41. Memorandum submitted by
Mr Bob Tyler
VITV operates two television channels on the
Sky Digital platform, Channel U and Fizz TV. Both services work
on a mainly telecom revenue model, with viewer interaction through
text and other Telco services.
Fizz TV, started in February 2005 is a predominantly
Top 40 hit service, playing current chart music as chosen by the
listener. A "Text to Screen" service accompanies the
video in a split screen format allowing listeners to send messages
as part of a Fizz community. The company operates a fully compliant
system of moderation within the Ofcom Codes and general rules
of Taste and Decency in conjunction with the live text service.
Channel U started in February 2004 and although
initially not a Black music style service, is now, through stealth,
a prominent UK Urban Music TV channel, focusing on unsigned material
and aspiring artists. We however insist that Channel U is not
a black channel but an Urban genre because of the appeal of the
music to a cross section of youth.
The station is a free to air service on the
BskyB platform and showcases many unsigned or up and coming musicians
that do not have access to or would not be considered by other
TV services, either mainstream or specialist.
Musically Channel U features UK Hip Hop, UK
Grime, Bashment and some Jamaican Dancehall. Rolling video programming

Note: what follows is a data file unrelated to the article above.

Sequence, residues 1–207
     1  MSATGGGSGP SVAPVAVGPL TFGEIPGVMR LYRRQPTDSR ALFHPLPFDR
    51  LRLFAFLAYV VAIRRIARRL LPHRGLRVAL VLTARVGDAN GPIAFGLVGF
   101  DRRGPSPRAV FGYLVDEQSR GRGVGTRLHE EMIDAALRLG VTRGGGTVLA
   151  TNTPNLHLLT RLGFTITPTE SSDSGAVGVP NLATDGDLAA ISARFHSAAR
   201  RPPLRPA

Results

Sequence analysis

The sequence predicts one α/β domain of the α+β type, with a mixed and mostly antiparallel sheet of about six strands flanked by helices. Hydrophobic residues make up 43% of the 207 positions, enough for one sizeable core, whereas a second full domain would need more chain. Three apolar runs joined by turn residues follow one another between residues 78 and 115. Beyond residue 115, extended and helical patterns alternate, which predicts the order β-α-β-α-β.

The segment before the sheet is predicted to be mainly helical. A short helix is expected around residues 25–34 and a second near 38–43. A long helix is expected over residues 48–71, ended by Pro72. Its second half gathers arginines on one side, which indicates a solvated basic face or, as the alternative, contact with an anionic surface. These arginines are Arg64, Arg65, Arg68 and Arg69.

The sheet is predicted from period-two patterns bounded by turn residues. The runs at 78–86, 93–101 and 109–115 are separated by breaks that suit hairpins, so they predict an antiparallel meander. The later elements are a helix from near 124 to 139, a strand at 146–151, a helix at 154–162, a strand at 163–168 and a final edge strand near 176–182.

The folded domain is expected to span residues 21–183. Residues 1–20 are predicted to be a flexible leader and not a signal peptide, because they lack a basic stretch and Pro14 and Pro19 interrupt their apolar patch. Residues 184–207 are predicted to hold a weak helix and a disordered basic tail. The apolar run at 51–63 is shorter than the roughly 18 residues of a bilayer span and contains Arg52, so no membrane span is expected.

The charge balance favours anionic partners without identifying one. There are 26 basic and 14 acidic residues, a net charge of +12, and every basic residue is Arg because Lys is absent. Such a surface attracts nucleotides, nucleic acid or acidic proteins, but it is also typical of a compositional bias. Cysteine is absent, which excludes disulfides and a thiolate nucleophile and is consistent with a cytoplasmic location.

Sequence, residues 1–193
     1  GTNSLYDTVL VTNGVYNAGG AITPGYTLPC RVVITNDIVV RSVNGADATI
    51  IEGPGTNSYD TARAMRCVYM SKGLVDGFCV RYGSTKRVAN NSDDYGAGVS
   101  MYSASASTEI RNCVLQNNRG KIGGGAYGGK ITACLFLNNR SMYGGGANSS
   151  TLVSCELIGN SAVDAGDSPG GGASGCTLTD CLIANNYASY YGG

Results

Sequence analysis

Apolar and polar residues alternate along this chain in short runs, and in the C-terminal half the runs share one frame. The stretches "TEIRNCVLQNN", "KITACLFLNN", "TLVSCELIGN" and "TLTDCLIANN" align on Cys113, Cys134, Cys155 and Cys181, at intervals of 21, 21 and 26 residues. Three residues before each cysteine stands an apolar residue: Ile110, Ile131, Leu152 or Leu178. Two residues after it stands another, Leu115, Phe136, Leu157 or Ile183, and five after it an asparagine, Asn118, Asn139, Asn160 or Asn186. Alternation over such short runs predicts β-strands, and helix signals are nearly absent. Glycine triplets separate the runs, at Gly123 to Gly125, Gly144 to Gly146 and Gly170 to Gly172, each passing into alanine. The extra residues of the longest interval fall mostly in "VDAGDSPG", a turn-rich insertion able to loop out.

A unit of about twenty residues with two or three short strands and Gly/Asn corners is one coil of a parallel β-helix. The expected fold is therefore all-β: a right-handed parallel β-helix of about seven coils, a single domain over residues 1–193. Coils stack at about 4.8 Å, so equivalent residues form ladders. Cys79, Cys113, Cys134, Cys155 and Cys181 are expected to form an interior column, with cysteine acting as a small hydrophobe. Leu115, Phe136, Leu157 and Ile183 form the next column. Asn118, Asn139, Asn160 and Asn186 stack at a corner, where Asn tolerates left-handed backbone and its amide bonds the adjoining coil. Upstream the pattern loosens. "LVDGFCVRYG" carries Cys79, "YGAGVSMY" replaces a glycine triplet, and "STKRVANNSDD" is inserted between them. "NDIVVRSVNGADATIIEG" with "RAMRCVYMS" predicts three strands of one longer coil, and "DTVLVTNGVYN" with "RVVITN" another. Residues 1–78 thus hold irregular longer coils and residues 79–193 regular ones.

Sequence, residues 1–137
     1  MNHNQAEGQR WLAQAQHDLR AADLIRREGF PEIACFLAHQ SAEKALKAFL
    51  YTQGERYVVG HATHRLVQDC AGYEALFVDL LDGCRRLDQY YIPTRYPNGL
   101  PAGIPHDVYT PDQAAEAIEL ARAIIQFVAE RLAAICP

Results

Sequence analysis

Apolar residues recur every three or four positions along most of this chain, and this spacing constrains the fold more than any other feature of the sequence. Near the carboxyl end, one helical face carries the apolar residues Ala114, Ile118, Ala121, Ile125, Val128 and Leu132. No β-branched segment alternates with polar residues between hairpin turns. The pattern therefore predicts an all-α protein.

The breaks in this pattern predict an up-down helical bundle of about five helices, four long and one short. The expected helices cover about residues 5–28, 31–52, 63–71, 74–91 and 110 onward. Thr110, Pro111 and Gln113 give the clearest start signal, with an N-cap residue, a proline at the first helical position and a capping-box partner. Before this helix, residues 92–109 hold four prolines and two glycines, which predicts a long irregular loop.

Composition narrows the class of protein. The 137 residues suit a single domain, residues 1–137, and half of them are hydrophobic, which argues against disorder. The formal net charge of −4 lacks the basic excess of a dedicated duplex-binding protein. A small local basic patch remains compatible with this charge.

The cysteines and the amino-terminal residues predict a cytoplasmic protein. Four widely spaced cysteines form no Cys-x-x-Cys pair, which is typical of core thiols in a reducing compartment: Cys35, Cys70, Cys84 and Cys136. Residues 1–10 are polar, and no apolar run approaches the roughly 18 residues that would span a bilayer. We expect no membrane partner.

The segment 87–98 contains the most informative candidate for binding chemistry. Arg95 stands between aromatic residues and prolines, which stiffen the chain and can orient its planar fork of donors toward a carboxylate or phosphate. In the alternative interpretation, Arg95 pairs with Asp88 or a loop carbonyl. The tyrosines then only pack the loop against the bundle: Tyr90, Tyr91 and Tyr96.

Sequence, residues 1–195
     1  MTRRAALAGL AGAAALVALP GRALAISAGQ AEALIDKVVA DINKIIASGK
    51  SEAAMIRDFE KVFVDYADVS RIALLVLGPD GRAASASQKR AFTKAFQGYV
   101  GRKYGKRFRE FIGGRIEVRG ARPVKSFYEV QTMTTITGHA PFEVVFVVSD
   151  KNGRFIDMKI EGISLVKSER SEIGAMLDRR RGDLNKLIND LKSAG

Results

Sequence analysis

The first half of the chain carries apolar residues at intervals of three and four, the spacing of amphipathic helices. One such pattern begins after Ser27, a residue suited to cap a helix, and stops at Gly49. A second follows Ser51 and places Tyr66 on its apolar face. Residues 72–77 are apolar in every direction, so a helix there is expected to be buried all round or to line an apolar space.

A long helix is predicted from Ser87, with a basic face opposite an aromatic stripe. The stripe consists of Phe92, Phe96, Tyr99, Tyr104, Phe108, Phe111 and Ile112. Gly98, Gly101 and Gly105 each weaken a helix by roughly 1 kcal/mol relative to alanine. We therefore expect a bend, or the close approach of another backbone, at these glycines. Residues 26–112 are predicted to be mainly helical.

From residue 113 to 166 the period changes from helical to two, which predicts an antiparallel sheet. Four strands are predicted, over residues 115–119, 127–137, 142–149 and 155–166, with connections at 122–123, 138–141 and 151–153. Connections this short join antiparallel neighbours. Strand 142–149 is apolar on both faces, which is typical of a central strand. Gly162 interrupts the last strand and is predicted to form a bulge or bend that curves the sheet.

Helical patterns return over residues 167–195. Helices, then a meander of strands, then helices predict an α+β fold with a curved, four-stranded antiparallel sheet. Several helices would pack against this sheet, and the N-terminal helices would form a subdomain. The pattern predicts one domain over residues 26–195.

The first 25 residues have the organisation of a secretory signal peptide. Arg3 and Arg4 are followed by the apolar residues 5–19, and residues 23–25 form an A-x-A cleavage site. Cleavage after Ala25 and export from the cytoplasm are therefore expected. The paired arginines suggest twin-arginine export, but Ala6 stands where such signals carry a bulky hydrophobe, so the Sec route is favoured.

is supported with occasional live performances, such as "open
mic" sessions, interviews and showcase performances.
Whilst fast becoming a brand in its own right,
Channel U is sometimes perceived by viewers as London focused
however there is a rise in interest from aspiring artists outside
of the capital and the station is beginning to receive a regular
flow of material and contact from other UK regions. There is also
a mis-conception that Channel U is a black or ethnic proposition,
the music is performed and enjoyed by everyone that participates
in an Urban life style.
Tight budgets and unsophisticated technology
rather than degrade the product, actually enhances it, giving
the station a different appearance from more mainstream TV stations.
Consequently the Channel U on screen persona is fitting and liked
by the young urban viewer. Channel U's main attraction demographically
(45% approximately) are young people between the ages of 16 to
24 years (BARB data). Nearly 20% of the audience to Channel U
are under 16.
The audience profile of Channel U has disadvantages
in respect of in-home viewing and transmission platforms. Young
people tend not to be Digital TV subscribers in their own right.
Effectively viewing has to be more opportunist than planed when
considering a family TV set with Digital satellite. Secondly Cable
TV propensity is greatest in urban areas, towns etc, often where
the fixing of dishes is limited or prohibited. Carriage on Cable
would greatly improve Channel U viewing, penetrating inner city
areas and subsequently reaching more audience. However, cable
services are dominated by major players and the network is restricted
by capacity. Channel U has not been successful in obtaining carriage
on the crowded Cable networks.
Channel U operates under an Ofcom licence and
adheres to the Broadcasting Codes as regulated by the regulator.
At any one time approximately 70% of music videos played on the
channel are from unsigned, mainly UK Urban artists.
This places a regulatory responsibility on Channel
U staff not only in terms of the volume of submitted videos for
consideration but also administering the compliance issues in
respect of the Ofcom Codes and Channel U standards.
On an average month Channel U receives approximately
100 videos for consideration. Some (approximately) 30% are re-submission,